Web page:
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Local pastor and wife adopt children from Haiti

Local pastor and wife adopt children from Haiti Local pastor and wife adopt children from Haiti



Senior Pastor at River of Hope church, Josh Kohl and his wife, Lacey, a phlebotomist at Aspirus and administrative secretary of River of Hope church, have always dreamed of having a family of their own.

After trying to have a baby of their own, to no avail, Josh and Lacey started pondering the idea of adoption. In 2015, they started researching places that offer adoption. They first considered adopting locally through a foster care system, but were told that the only ones who are the most in need would be children with special needs.

“Special needs adoption wasn’t for us because we would not be able to give them the life that they deserve,” Josh said.

Once local adoption was off the table, they started considering international adoption. They considered the choices of Russia, China (which had a wait period of 9 years), Ethiopia and Bulgaria. Those choices became obsolete when they found out they had to live there for 6 months to get to know the children that they may be adopting.

“The six-month stay is a great thing, because it is important to have that bond with the children as much as you can” Josh said “But that just wasn’t going to work for us, we both had jobs that we couldn’t leave for that long of a time.”

While they were coming up with ideas of which countries to pick from, Lacey mentioned Haiti. With both of them not knowing anything about Haiti, other than the earthquake that swept through the country in 2010, they decided to dig deeper.

Once Haiti was decided, Josh and Lacey started researching. They came across the agency called Love Beyond Borders, which is an organization out of Colorado, to help with placement. They also worked with Catholic Charities who was their home study agency. Which meant that they had to come into their home, perform interviews with Josh and Lacey, and go through vigorous training, which Josh and Lacey said was extremely benefi cial to them. In 2019, Josh and Lacey were allowed to travel to Haiti for a span of 15 days to meet and get to know the girls.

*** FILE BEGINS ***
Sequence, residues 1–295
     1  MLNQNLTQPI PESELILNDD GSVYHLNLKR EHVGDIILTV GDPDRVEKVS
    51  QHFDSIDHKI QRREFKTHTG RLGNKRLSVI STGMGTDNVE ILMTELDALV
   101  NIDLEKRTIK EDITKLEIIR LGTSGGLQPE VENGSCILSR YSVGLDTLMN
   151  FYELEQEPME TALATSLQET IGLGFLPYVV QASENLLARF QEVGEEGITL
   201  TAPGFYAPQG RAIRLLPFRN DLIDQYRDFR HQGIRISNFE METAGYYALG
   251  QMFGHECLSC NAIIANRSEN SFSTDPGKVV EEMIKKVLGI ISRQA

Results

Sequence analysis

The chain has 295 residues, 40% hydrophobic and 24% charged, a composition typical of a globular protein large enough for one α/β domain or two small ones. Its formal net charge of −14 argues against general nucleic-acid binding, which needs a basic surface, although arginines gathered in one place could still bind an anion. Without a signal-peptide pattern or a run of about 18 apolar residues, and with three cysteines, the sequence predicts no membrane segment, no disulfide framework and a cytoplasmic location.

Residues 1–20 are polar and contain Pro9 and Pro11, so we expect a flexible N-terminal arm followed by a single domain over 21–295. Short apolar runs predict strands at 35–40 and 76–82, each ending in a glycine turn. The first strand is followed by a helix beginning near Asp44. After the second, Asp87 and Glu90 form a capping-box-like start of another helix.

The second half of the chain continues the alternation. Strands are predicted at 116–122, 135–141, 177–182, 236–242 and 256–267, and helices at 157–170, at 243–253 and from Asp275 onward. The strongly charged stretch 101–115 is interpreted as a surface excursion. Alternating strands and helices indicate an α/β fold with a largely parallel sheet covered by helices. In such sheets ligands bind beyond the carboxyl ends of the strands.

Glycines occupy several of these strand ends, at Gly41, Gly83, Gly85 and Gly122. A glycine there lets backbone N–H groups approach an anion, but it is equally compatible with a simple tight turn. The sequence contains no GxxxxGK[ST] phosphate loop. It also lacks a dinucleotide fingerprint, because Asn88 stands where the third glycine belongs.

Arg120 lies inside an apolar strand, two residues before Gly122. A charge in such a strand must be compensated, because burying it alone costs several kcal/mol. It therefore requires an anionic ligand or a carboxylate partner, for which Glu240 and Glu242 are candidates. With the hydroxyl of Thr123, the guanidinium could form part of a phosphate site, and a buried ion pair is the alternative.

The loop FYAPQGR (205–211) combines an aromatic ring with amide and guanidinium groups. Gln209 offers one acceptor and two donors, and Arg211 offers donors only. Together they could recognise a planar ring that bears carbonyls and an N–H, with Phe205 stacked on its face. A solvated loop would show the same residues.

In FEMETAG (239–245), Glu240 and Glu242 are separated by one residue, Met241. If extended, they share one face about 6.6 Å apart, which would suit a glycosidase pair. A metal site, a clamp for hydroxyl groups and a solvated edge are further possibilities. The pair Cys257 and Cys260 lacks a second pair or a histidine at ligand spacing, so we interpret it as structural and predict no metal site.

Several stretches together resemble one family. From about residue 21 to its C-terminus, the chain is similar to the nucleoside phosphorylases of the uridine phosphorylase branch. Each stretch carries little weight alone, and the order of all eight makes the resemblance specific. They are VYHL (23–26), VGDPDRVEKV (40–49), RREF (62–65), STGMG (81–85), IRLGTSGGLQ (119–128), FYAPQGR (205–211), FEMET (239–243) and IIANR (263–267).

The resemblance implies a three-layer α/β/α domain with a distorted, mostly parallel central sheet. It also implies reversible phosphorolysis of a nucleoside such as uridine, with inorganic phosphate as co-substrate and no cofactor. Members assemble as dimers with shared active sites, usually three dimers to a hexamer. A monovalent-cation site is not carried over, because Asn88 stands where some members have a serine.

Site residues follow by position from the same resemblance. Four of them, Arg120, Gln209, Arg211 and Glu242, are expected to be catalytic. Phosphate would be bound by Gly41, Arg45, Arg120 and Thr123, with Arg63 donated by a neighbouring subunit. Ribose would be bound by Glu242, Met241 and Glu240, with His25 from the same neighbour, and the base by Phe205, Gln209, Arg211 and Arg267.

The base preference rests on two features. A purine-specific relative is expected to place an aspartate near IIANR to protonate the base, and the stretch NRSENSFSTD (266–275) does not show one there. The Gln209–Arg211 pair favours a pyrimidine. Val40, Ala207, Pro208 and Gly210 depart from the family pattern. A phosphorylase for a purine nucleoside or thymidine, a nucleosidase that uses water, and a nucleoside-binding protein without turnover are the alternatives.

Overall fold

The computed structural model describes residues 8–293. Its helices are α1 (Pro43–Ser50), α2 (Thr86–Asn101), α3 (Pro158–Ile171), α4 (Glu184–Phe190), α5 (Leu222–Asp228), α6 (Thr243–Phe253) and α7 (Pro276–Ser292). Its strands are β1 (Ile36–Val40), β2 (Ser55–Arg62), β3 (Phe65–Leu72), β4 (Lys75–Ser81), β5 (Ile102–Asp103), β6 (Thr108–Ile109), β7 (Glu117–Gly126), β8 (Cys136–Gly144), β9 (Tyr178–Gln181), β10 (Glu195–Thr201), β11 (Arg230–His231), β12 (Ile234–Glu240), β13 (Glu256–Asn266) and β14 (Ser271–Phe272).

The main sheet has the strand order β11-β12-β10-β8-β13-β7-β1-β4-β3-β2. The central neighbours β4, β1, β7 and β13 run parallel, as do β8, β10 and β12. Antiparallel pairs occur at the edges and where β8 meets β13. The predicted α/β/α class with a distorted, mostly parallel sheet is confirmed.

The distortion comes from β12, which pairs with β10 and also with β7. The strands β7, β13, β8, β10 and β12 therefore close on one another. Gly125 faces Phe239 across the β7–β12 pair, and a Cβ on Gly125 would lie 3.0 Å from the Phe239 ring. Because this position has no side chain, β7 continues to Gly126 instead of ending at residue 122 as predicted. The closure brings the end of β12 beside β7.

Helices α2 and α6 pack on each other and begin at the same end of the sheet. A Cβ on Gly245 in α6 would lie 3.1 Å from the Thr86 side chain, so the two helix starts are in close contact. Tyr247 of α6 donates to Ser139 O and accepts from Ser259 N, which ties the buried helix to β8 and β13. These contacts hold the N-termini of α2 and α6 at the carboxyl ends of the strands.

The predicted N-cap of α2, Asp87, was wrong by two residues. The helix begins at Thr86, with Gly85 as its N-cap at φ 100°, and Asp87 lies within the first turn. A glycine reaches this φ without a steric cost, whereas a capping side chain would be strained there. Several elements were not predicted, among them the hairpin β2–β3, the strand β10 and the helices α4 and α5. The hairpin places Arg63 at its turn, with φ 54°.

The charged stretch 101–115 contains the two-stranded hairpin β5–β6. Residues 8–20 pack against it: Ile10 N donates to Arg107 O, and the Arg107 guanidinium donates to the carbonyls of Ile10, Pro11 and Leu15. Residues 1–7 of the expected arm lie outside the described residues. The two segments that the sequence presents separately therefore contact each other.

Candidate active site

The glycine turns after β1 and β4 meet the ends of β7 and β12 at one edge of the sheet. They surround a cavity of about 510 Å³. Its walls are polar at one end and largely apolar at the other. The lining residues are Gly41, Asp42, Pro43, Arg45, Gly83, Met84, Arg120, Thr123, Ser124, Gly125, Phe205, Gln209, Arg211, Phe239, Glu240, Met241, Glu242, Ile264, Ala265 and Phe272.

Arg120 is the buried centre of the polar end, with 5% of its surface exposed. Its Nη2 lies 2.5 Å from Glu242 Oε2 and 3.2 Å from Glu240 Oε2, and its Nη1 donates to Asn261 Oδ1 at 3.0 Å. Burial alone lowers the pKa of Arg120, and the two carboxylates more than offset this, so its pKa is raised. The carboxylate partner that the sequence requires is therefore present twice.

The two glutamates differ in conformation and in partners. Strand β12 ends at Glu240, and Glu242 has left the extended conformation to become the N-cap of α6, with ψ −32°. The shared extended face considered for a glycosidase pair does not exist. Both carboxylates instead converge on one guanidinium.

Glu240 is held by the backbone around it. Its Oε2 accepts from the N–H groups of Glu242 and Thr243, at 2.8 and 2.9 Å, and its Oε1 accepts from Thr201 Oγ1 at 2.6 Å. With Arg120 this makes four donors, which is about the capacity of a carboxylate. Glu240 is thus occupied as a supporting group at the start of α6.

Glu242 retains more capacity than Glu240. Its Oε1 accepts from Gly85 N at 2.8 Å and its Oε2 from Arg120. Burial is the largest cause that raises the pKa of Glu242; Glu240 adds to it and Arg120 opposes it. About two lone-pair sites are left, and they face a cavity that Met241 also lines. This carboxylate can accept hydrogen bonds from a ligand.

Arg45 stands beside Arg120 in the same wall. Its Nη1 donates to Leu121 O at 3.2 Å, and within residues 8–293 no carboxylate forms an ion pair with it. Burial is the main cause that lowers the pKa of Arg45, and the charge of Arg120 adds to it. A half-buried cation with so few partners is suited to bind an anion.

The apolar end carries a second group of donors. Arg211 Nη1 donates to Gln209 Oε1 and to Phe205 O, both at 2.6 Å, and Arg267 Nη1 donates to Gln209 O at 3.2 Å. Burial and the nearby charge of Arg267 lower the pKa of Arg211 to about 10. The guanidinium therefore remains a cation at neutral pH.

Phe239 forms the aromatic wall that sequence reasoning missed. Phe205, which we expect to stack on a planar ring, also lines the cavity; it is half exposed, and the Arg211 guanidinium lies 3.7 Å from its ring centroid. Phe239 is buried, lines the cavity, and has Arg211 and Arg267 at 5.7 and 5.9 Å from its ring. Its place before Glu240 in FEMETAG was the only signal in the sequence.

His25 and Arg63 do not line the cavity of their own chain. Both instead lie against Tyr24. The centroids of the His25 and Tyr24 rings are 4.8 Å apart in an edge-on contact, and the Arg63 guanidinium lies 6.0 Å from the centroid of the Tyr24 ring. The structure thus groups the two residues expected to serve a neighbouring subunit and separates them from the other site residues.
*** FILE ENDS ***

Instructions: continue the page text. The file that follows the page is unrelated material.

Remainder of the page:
Josh said “We originally wanted to adopt the two younger girls, Lourdjina, age 11 and Woodjini, age 9. We knew they had an older sister, Widmia, age 16. While we were in Haiti we were able to meet all three of the girls, and once we met them, we fell in love with all three of them.”

Before they knew it, they were starting the paperwork to adopt the oldest sister as well.

Josh and Lacey had to fight to get Widmia added into the adoption process.

Ordinarily, once the initial trip to the home country is complete, the parents can go back and forth to the home country and spend time with the children as many times as they want. Although, due to COVID restrictions, that wasn’t an option. They were able to talk to the girls via Zoom and get to know them that way.

“I think we talked to the girls through Zoom about 4 or 5 times within the span of 2 years,” Lacey said.

To ease the transition for the girls, Josh and Lacey are working hard to keep the Haiti traditions alive. They will be celebrating their holidays and even learning Creole, their native language.

Josh said “We hope to go back again to Haiti because we never want them to forget who they are.”

If there was any advice that Josh and Lacey could give to families who are hoping to adopt, it would be this:

• Do your research.

• Listen to people.

• Take advice.

• Develop a support system for before, during, and after the adoption process.

• Don’t be afraid to ask for help.

• Find a therapist to help ease the transition for the new member of the family and to be able to establish a bond with the family.

• Be willing to change. If you’re not willing to change your life, then you are not ready to adopt.

• Look at things from a different perspective.

“Sometimes it is hard and there were times when we wanted to quit the process, but the end result is so worth it,” Lacey said.

People tell Josh and Lacey that the girls are so lucky that they got adopted.

Josh says “No, we are the lucky ones because they made our family complete.”